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In this course, author Josh Harris shows how to create radio and club arrangements, and a radio edit of a club mix. He utilizes four different digital audio workstations (DAWs)—Pro Tools, Ableton Live, Logic, and Reason—and shows how to build different arrangements from the ground up, by adding guitars, drums, bass, and synths. Each DAW explores different types of arranging scenarios. Plus, learn how to add ear candy and take your arrangements to another level.
We have spent most of our time so far working in a 16- to 24-bar section of the arrangement and now it's time to build out the remaining sections. The finished arrangement should not feel forced or edited, but natural. All sections need to make sense with one another, especially during the transitions. Radio arrangements have no wasted space, and if that means your arrangement is three minutes and twenty seconds, as opposed to three minutes and thirty seconds, that's fine. Don't get hung up on the length of time, but do keep in mind that most radio stations won't play songs over four minutes long.
My ideal time is somewhere between three minutes and twenty seconds and three minutes and forty-five seconds. Although you won't be able to follow along with me step by step, I will now provide you with an overview of how I build out a radio arrangement. (music playing) Let's spend the next few minutes taking a look at how I built out the radio arrangement.
We'll start up here at the vocals, and you'll notice that there's an edit point in the background vocals right here towards the end. I felt that the background vocals went one cycle through the course too long, and that they should end with the lead vocals. So, I cut out 8 bars of background vocals and shoved the last 8 bars of background vocals over to the left so now, the background vocals and the lead vocals start and end at the same place. I built out the rest of the drums and added some programming on top of the loops that we had had previously in the arrangement.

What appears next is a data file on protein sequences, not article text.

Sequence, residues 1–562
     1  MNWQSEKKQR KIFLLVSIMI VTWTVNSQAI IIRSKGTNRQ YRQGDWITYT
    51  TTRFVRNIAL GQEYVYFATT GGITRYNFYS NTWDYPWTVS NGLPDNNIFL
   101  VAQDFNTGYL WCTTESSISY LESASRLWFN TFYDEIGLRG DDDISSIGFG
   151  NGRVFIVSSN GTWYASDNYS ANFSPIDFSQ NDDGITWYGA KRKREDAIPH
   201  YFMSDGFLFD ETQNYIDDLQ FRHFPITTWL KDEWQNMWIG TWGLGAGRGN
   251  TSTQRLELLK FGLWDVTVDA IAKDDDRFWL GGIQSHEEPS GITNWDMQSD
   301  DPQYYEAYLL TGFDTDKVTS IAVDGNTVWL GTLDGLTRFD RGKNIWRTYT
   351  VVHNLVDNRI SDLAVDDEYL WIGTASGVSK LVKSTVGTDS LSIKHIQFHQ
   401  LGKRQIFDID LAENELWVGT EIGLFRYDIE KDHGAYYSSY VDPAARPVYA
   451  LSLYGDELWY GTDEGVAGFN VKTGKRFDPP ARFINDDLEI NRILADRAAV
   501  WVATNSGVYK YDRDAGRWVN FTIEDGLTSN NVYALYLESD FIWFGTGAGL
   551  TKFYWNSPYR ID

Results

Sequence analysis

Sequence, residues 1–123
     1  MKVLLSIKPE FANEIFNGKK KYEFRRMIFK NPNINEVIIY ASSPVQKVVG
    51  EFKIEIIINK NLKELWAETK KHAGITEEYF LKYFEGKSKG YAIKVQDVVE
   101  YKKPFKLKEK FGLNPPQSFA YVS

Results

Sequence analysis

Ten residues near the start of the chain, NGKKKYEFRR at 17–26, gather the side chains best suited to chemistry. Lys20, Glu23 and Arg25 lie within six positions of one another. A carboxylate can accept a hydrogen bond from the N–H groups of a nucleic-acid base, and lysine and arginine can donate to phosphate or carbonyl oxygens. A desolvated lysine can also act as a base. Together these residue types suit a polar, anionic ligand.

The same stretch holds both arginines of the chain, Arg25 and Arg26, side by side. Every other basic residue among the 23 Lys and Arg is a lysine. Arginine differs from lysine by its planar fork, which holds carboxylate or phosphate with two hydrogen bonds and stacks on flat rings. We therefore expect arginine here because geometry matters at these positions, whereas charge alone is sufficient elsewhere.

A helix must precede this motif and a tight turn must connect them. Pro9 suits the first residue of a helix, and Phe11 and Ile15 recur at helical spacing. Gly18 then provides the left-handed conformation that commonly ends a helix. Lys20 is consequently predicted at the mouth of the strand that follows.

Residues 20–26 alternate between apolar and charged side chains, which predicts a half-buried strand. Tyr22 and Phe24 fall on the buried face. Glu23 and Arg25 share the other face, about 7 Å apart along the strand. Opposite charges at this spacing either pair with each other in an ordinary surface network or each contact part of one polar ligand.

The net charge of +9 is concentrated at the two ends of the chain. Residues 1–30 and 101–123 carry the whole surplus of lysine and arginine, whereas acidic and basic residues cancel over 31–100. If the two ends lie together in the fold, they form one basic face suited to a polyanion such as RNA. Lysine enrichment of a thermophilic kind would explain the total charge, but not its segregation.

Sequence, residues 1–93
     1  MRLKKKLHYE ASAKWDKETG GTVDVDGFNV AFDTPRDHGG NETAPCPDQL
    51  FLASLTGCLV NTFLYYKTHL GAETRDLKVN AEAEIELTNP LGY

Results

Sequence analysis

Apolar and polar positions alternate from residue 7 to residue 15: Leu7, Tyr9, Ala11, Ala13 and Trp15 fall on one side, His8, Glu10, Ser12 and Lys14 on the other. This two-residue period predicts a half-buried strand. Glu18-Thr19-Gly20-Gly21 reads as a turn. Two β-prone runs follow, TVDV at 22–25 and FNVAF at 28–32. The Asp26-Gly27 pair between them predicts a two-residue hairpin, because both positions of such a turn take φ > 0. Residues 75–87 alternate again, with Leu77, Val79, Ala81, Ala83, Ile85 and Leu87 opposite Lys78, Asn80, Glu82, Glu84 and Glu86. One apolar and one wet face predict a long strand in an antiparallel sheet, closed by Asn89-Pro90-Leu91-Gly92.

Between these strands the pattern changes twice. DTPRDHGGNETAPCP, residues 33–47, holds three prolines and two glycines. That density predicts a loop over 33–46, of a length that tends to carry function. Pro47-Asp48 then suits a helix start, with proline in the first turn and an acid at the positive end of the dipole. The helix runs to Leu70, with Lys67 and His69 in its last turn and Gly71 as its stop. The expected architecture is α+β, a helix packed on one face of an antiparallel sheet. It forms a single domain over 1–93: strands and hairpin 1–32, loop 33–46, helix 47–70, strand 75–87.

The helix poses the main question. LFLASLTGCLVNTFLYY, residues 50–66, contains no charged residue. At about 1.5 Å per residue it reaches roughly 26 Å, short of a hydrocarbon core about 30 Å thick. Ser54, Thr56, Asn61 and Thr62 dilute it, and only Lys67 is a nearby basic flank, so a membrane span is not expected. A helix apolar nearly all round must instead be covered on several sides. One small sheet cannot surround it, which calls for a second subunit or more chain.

Let's solo out the drums and take a listen. Primarily on the chorus is where you will hear the elements that I added. So this is a few bars before chorus 1. (music playing) So, you can see that I added a ride cymbal and a tambourine and a crash cymbal happening every four bars here.
And I'm adding a little bit of metal up top in the drums. Those frequencies help the chorus punch a little bit, pop a little bit, feel like it elevates and lifts to another level. I recorded this synth bass part in the bridge. Previously, that section of the arrangement was empty. (music playing) You probably noticed as that section played that there's a little bass fall, or what we call a glissando, something that you would hear in old funk and R&B records. It's sliding your hand down the keyboard very quickly to add a waul sound and let's solo it out, we can take a listen.
(music playing) And it adds a little bit of flavor, I think a bit as a transitional part, leading from one section to another. I worked on an intro that's four bars long, with verse one starting to measure five. (music playing) And we can take a listen to the last few bars and hear the cold ending. (music playing) The arrangement clocks in at just over three and a half minutes long, which is a perfect amount of time for a radio edit.
Now keep in mind that later in the course, I'm going to be adding just a few more elements of ear candy. So, I would say that this arrangement in its current form is about 95% done, and we'll take some time to add the last 5% later on.
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